Considering the significant risk of negative impacts on biodiversity, human rights, and climate, Reclaim Finance recommends conditioning the financing of new hydropower projects (greenfields and brownfields) to the strict application of robust standards.

Although some forms of hydropower may have a role to play in a rapid and just energy transition, its vulnerability to climate events like droughts and extreme rainfall – both growing in frequency and intensity with global warming – mean that it cannot be relied upon to a large degree. PSH is likely to remain an important storage source and grid stability factor, yet priority should be given to energy sources and technologies with fewer impacts and that are less exposed to climate change risks, such as wind and solar, and batteries for short-term storage.

To reduce the need for new hydropower plants, priority in this sector should be given to the maintenance and rehabilitation of existing hydropower infrastructure and, where relevant, additions or increases of generating capacity at existing dams. In particular, no new hydropower should be developed in Europe, as most of hydropower potential has already been harnessed, with significant negative impacts on ecosystems and biodiversity and increasing hydropower capacity should exclusively rely on refitting and upgrading existing hydropower plants.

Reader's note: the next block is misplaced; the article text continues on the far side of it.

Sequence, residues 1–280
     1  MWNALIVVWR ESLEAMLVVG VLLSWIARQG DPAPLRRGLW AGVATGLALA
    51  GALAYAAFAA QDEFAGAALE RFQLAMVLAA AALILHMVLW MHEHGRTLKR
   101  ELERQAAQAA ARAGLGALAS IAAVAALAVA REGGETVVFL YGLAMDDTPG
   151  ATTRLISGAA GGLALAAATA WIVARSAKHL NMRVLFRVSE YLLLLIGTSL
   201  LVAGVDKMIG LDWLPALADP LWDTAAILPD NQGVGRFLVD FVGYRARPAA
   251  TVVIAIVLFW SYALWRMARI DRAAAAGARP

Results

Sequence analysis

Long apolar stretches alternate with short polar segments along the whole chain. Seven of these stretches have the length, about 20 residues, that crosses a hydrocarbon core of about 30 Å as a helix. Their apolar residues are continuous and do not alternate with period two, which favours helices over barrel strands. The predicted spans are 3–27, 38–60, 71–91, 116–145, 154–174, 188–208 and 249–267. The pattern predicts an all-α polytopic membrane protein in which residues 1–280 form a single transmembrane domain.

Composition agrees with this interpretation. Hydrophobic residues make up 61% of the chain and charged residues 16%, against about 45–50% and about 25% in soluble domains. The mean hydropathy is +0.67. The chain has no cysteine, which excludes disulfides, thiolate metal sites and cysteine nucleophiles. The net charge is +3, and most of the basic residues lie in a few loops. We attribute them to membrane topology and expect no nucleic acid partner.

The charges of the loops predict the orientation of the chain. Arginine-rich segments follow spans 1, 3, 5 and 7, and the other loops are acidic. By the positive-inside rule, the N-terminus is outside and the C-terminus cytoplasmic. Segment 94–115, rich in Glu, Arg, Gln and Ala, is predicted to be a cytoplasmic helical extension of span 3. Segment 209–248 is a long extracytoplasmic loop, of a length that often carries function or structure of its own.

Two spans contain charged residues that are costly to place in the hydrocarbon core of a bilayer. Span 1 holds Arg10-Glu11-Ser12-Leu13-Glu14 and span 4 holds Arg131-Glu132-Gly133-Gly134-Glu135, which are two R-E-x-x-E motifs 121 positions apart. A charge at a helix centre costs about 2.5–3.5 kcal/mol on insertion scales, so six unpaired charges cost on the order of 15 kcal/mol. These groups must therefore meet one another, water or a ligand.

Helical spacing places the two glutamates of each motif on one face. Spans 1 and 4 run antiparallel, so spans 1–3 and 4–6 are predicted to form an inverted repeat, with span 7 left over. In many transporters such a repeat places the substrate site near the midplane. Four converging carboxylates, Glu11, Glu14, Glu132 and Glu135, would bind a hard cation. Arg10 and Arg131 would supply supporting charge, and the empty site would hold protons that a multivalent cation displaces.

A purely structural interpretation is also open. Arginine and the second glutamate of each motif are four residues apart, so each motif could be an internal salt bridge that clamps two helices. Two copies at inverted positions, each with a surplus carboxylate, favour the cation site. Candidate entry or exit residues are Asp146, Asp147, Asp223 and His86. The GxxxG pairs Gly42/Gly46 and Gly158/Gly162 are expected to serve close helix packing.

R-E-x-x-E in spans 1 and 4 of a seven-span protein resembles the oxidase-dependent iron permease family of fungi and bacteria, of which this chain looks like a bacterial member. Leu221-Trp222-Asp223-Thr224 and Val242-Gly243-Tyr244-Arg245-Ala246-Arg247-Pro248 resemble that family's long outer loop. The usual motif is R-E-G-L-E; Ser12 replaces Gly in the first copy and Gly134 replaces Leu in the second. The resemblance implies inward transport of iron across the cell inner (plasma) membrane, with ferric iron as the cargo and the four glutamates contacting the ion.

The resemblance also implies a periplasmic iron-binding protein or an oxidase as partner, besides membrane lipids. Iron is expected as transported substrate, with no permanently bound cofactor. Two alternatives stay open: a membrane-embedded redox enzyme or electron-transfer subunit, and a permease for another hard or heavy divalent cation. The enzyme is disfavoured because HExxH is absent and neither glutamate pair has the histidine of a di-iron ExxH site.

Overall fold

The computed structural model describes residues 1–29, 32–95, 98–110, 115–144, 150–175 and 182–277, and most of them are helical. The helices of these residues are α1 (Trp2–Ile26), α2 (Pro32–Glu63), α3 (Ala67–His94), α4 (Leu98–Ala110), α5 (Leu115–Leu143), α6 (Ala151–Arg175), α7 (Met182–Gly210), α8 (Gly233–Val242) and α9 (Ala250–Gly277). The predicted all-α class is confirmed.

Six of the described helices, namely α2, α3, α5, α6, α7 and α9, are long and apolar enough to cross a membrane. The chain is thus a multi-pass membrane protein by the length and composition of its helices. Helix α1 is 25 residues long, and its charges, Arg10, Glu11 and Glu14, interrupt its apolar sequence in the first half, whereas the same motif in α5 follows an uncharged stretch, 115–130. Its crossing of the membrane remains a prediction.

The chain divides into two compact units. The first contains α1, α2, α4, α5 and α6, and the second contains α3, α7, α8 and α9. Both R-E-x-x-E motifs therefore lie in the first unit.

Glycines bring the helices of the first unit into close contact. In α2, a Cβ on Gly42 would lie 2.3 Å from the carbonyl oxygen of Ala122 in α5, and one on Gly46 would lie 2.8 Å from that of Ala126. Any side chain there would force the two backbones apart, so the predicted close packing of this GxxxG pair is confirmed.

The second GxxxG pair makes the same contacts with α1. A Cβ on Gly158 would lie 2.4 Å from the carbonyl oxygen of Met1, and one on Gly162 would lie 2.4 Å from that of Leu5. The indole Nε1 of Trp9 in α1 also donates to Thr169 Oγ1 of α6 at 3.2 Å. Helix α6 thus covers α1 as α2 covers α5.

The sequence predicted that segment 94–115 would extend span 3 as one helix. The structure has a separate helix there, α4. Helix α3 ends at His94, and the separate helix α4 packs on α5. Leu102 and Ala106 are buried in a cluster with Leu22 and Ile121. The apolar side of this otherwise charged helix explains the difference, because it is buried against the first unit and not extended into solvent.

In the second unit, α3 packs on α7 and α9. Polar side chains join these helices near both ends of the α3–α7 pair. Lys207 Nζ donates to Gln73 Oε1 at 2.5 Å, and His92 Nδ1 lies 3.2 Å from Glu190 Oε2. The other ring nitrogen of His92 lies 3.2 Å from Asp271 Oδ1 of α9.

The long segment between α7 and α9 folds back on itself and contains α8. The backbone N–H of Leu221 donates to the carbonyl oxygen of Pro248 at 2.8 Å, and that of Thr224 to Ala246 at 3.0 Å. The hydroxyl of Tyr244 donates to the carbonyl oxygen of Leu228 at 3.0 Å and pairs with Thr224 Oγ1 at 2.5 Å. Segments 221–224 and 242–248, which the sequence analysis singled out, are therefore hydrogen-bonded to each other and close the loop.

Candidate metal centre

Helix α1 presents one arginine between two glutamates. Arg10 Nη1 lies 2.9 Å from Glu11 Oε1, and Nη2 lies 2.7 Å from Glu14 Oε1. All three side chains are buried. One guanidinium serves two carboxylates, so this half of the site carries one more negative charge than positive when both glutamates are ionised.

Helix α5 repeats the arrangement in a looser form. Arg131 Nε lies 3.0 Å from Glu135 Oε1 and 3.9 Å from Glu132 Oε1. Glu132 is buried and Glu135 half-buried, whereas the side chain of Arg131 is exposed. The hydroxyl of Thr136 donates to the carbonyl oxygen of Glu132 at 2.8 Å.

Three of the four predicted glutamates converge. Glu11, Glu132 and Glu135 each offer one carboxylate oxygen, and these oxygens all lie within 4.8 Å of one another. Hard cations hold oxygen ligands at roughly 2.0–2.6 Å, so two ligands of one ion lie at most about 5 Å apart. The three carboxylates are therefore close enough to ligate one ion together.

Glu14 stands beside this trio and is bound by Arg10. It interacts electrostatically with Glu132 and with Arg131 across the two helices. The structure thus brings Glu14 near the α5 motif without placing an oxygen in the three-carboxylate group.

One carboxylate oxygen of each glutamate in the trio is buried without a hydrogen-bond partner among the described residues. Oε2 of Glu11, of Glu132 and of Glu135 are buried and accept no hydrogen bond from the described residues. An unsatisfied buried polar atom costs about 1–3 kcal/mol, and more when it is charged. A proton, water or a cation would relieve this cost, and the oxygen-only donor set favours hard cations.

New hydropower projects must be examined on a case-by-case basis, should apply the recommendations and principles of the World Commission on Dams,24 and should respect the consent of local populations with the FPIC principle25 for Indigenous Peoples. For both new and existing hydropower plants, a project must not compromise any efforts to restore riverine and riparian ecosystems.